Ultra pure water, Yan explained, is water that is treated with reverse osmosis, ion exchange and UV degassing to reduce bacteria to one part per cubic meter. The process requires a lot of energy – all the more reason to reduce water use.
There are more than 200 rinse steps to eliminate contaminants in semiconductor manufacturing, Yan said, "like doing your laundry."
How much water? "In the Phoenix area, there were 12 semiconductor plants in the 1990s," Yan said. "What they were using equals the consumption of 2 million people." Because of the nano scale of today's semiconductor chips, it's very difficult to tell if all the impurities have been removed. "So we over-rinsed," he said. "Be on the safe side – who cares?" But then the impact became pronounced – many of the plants are in arid areas of the West. "Our duty is to bring their water usage down," Yan said.
The Electro-Chemical Residue Sensor, which can track contamination by measuring electrical impedance, makes over-rinsing unnecessary. The sensor works in a batch rinse with a group of wafers in an immersion bath, or can be used to develop the right rinse recipe for an individual wafer. "Our preliminary results predict 50 percent to 65 percent water reduction," Yan said.
In another lab, Yun Zhuang, another post-doctoral researcher, works on another thrust of the semiconductor center: finding efficiencies in wafer polishing to save water and chemicals.
Silicon wafers, record album-like discs of 200 mm or 300 mm (12 inches), are built up in layers until fabrication is complete and the wafers are sliced into chips. The process is exacting.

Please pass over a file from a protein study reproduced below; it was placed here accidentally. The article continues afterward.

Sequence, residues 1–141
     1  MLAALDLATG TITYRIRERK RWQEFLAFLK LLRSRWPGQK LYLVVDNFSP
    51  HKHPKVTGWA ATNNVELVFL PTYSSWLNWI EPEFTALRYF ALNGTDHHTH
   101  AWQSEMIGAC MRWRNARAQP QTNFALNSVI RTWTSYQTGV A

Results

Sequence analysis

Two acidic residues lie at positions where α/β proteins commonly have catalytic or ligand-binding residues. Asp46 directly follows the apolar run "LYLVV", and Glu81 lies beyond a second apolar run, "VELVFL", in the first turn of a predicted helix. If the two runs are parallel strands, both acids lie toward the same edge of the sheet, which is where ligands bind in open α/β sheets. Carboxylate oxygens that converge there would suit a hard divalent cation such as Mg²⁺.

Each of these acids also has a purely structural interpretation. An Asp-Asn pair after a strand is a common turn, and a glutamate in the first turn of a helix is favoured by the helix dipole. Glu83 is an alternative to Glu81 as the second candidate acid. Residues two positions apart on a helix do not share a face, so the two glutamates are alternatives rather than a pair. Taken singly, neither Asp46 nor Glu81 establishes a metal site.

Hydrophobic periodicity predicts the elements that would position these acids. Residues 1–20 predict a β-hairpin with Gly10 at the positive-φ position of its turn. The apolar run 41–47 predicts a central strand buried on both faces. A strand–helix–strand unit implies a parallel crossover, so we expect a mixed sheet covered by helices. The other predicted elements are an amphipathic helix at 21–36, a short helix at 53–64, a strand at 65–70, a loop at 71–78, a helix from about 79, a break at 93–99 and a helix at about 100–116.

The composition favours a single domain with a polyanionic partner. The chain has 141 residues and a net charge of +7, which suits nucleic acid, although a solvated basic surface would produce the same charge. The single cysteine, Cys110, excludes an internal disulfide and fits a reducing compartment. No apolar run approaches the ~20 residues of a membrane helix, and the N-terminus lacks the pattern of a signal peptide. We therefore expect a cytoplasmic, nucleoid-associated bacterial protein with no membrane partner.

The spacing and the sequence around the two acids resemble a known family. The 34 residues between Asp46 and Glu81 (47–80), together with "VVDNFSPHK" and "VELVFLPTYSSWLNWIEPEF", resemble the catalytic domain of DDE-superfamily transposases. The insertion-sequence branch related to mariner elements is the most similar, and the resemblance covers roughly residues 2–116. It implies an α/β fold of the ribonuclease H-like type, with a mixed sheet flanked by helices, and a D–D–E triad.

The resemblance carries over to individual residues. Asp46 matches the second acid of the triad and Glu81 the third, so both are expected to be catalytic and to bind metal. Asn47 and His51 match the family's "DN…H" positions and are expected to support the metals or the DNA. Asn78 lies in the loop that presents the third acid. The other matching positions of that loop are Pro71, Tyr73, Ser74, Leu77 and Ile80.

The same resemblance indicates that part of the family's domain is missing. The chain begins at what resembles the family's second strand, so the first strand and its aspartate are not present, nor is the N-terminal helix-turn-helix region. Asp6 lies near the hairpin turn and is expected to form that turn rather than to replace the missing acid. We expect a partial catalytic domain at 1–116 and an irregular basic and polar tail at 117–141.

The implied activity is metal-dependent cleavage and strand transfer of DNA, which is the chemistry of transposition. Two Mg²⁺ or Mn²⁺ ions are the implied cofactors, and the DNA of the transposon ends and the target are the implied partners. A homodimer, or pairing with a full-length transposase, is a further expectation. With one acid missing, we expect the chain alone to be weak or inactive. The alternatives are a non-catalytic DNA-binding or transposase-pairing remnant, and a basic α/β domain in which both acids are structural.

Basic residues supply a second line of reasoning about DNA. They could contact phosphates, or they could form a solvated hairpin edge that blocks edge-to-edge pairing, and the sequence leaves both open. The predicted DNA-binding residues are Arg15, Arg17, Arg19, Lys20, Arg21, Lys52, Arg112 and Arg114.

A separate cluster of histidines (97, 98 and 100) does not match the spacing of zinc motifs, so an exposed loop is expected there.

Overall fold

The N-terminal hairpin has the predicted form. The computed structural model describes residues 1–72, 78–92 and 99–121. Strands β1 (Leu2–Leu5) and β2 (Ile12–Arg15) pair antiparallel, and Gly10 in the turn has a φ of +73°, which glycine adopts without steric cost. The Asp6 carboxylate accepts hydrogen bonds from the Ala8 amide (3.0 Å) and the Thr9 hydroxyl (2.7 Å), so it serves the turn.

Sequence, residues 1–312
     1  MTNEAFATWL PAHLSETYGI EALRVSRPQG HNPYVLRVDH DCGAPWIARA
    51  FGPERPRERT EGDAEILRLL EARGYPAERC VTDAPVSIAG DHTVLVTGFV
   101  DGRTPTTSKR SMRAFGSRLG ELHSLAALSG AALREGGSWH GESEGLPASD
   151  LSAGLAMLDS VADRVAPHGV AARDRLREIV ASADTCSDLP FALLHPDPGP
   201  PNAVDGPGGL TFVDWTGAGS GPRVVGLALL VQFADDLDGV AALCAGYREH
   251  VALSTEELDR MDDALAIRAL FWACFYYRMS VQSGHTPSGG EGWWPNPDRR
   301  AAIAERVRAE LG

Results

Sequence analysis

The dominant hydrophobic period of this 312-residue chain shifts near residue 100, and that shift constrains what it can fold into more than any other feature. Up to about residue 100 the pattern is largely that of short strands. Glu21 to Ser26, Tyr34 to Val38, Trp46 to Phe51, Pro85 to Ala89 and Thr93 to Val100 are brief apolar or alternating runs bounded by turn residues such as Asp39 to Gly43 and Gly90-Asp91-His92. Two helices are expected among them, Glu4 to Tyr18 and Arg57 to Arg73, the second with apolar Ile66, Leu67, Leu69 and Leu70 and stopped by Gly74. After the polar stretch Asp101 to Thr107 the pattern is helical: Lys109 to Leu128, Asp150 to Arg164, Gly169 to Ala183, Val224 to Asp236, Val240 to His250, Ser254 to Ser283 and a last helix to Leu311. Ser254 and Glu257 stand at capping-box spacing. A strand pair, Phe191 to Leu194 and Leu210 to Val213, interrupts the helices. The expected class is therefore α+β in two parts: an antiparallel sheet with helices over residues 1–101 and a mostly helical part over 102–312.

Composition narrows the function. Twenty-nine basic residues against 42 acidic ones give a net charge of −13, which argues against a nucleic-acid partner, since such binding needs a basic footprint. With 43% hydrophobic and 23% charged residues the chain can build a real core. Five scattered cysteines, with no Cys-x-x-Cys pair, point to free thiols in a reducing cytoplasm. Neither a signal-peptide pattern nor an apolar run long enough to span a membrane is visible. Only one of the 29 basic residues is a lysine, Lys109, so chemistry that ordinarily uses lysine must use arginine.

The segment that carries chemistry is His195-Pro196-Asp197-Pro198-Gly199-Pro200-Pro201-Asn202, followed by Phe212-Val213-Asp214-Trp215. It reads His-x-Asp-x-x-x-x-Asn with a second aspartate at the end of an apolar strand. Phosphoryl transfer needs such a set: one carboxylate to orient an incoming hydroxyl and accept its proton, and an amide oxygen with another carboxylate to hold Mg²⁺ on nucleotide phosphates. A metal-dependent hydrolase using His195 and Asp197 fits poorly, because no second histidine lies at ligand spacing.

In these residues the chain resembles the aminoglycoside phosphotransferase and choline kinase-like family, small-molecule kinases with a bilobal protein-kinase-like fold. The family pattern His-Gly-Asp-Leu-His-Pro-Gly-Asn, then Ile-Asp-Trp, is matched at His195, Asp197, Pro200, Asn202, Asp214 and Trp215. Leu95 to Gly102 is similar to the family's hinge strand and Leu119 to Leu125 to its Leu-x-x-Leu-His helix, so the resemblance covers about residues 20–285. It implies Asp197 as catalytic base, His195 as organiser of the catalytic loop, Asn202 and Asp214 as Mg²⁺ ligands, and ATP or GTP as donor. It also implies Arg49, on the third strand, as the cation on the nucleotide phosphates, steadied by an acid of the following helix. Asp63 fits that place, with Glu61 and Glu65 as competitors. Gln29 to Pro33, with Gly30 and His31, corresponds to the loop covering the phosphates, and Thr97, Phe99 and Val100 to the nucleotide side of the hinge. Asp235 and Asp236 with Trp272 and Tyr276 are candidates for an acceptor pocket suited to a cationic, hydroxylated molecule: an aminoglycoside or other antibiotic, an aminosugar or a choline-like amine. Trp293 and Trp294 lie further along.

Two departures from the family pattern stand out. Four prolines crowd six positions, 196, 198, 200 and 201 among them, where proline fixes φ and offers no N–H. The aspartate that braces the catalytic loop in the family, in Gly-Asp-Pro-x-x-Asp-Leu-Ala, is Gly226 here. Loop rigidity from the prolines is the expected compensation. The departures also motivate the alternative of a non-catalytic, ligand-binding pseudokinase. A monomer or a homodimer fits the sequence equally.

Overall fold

"You have to remove excessive material from the surface. Just like building," said Zhuang, who works with Ara Philipossian, professor of chemical and environmental engineering. "A skyscraper – every floor has to be flat first, otherwise you can't build them up. Our lab is to make each floor flat." If the layers are not flat within the nanometer level, lithography, the optical printing of circuits, will fail.
The process is called chemical mechanical polishing. Chemicals are used to soften the surface, then mechanical force is used to remove it.
Another group at the center researches additive wafer fabrication, a process that saves materials and energy and lowers costs. Additive fabrication entails placing materials only in places where they are needed – the opposite of the subtractive processing, in which materials are built up in solid blocks or layers and then scraped away.
See Li Lie, a grad student in chemical engineering who works with Anthony J. Muscat, associate professor of chemical and environmental engineering, also researches gas-phase cleaning and surface modification.
Gas phase processing is more environmental benign, said Lie, because less chemical is used. "I don't think we can really make a process completely additive, but at least we can eliminate some steps and minimize the consumption and the waste," she said.
Her group is also studying atomic layer deposition, which deposits an oxide film layer by layer "We can control the growth at Angstrom levels," she said. "We're trying to understand the fundamentals of this so that we can engineer and control the surfaces."
Lie is also working with supercritical carbon dioxide, which, at high pressure and high temperature, is neither gas nor liquid. "It can enter through very fine structure, can create very fine porous structure," she said. It has very low surface tension, so it's helpful in cleaning very small devices and can replace harmful chemicals in deposition and cleaning stages. The process, developed by Muscat, earned him recognition from Scientific American in 2003 as one of the
50 people in the nation who contributed the most that year to the advancement of technology in science, engineering, commerce and public policy.
"To make nano-manufacturing sustainable and green," said Shadman, "we need much more than improvements in individual processes and materials; we need change in manufacturing approach."